What’s amazing is how many people who didn’t fit those parameters kept writing in spite of the constant message they got from society that no one cared about what they had to say, writing letters and diaries and stories and poems that often weren’t discovered until hundreds of years later. Humans have an urge to express themselves, to tell stories, and fanfic lets them. If you’ve got access to a computer and an hour or two to while away of an evening, you can create something that people will see and respond to instantly, with a built-in community of people who care about what you have to say.
I do write the occasional fic; I wish I had the time and mental energy to write more. I’ll admit I don’t read a lot of fic these days because most of it is not—and I know how snobbish this sounds—particularly well-written. That doesn’t mean it’s “not good”—there are a lot of reasons people read fic and not all of them have to do with wanting to read finely crafted prose. That’s why fic is awesome—it creates a place for all kinds of storytelling. But for me personally, now that my job entails reading about 1500 pages of undergraduate writing per year, when I have time to read for enjoyment I want it to be by someone who really knows what they’re doing. There’s tons of high-quality fic, of course, but I no longer have the time and patience to go searching for it that I had ten years ago.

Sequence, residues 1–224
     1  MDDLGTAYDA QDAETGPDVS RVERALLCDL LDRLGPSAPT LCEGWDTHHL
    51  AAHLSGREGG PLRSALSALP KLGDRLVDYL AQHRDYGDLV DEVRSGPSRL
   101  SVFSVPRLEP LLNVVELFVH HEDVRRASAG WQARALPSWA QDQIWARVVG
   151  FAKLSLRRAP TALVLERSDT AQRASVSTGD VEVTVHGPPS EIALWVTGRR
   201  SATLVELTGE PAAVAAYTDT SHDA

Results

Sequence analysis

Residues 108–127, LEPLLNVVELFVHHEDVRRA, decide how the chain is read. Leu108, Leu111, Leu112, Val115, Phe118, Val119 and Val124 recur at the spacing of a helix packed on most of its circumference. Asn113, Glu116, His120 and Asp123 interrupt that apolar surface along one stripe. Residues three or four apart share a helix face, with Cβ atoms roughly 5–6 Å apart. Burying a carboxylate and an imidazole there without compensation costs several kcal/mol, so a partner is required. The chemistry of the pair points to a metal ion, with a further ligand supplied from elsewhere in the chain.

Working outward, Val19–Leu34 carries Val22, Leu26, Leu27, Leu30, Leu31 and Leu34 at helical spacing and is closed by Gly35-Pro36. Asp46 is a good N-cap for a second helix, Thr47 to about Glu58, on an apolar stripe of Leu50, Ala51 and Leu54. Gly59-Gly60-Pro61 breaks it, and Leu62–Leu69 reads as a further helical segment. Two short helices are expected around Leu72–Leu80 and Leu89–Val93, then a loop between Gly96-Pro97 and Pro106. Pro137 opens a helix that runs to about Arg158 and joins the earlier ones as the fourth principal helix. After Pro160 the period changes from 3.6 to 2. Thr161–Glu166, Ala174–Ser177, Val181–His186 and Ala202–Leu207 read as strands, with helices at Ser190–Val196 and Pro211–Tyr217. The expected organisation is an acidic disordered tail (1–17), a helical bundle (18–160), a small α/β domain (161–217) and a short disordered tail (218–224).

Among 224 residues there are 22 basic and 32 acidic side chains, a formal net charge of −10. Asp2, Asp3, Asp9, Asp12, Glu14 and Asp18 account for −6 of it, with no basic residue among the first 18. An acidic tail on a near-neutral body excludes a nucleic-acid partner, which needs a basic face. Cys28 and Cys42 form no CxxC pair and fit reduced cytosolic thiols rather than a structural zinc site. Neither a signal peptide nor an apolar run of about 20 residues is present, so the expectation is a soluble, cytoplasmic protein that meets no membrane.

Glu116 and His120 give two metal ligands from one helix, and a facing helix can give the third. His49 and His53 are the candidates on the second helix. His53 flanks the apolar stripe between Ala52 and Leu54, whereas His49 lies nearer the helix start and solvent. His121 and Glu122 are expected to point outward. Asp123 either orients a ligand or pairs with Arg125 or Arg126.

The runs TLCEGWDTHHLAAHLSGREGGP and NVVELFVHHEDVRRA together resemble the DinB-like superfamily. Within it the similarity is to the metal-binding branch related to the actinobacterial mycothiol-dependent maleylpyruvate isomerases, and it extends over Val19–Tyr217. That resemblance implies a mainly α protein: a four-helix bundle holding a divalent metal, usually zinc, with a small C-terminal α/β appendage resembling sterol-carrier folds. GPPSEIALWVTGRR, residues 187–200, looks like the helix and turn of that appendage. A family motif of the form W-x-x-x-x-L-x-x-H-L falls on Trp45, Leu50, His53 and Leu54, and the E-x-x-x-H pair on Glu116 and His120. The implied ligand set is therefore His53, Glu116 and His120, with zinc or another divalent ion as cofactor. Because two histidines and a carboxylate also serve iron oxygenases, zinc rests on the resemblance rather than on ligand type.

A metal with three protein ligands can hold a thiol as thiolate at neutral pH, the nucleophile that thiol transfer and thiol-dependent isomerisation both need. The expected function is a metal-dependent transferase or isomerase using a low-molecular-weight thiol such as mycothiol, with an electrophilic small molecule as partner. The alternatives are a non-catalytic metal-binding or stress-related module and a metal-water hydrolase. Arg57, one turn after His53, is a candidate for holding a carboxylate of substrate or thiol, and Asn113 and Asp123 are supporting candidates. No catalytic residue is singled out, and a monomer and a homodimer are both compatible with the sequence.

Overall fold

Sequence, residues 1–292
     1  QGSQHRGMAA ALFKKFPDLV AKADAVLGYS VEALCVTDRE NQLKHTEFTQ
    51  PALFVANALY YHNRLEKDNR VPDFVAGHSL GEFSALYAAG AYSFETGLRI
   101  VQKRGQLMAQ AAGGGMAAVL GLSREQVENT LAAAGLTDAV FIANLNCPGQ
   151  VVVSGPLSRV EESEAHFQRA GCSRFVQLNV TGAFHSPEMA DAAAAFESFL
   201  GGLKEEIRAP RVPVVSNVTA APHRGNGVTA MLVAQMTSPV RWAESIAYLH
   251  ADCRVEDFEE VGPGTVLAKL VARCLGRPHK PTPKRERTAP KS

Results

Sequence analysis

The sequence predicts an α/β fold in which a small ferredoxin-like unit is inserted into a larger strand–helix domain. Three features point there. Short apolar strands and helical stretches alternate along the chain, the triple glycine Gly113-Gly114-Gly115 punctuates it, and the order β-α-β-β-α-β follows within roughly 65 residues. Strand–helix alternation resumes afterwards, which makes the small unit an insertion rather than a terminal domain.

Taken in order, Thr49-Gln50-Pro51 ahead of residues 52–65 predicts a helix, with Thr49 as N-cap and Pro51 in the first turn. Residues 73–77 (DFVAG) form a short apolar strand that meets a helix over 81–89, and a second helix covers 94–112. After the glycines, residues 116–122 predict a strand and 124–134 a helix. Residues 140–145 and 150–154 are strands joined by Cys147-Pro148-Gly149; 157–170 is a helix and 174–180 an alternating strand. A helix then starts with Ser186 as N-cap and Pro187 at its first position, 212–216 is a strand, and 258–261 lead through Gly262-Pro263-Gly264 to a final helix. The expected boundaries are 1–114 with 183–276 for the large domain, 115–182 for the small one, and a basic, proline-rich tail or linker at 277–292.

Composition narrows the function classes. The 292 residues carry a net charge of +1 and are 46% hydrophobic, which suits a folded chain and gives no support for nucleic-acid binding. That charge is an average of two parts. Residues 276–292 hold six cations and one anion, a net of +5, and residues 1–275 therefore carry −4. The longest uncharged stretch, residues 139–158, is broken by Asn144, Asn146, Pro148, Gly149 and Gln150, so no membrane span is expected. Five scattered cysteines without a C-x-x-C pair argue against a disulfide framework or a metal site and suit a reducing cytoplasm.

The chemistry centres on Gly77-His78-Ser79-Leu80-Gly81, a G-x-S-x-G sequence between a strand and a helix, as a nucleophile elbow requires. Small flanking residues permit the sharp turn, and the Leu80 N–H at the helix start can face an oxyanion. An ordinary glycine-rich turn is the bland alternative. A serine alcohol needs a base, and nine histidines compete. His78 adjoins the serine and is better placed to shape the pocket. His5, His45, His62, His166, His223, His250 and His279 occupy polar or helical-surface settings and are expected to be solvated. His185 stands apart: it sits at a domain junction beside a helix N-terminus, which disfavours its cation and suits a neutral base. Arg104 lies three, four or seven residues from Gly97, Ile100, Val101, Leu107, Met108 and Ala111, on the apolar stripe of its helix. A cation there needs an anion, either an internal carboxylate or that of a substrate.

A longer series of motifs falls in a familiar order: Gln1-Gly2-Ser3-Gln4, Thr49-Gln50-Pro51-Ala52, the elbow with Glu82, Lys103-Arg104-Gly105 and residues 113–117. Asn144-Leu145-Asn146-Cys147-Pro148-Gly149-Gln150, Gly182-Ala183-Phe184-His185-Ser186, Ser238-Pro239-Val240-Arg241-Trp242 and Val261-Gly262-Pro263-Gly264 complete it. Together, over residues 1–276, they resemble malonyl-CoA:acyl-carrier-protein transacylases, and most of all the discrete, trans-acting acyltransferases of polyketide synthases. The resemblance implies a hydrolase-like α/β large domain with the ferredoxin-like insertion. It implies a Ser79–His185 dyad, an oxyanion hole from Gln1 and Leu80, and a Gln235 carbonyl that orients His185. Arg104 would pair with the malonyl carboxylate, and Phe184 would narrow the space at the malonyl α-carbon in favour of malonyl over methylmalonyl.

But whether I’m reading it or not, I love that fanfiction exists. Because without people doing what fanfiction writers do, literature wouldn’t exist. (And then I’d be out of a job and, frankly, I don’t know how to do anything else.)
First-hand Accounts of Orson Welles’s War of the Worlds
graphic submitted by sevsnapealways
And thus, the entire field of literary criticism was defeated.
There’s one page in my (well-loved, much-abused) copy of “The Once and Future King” that is marked with red corners so that I can find it in an instant.“If I were to be made a knight,” said the Wart, staring dreamily into the fire, “I should insist on doing my vigil by myself, as Hob does with…
Counter-Protest of the Day: To counter a Missouri high school’s ban on Kurt Vonnegut’s Slaughterhouse-Five, the Kurt Vonnegut Memorial Library in Indianapolis is offering free copies of the book to students at Republic High School.
The Republic School Board recently decided to pull all copies of Vonnegut’s best-known novel from the school’s library shelves, after Wesley Scroggins, a home-schooling Missouri State University associate business professor, complained that Slaughterhouse-Five (AKA The Children’s Crusade) and similar books “create false conceptions of American history and government or that teach principles contrary to Biblical morality and truth.” “
All of these students will be eligible to vote and some may be protecting our country through military service in the next year or two,” said Vonnegut library executive director Julia Whitehead in a statement. “It is shocking and unfortunate that those young adults and citizens would not be considered mature enough to handle the important topics raised by Kurt Vonnegut, a decorated war veteran. Everyone can learn something from his book.”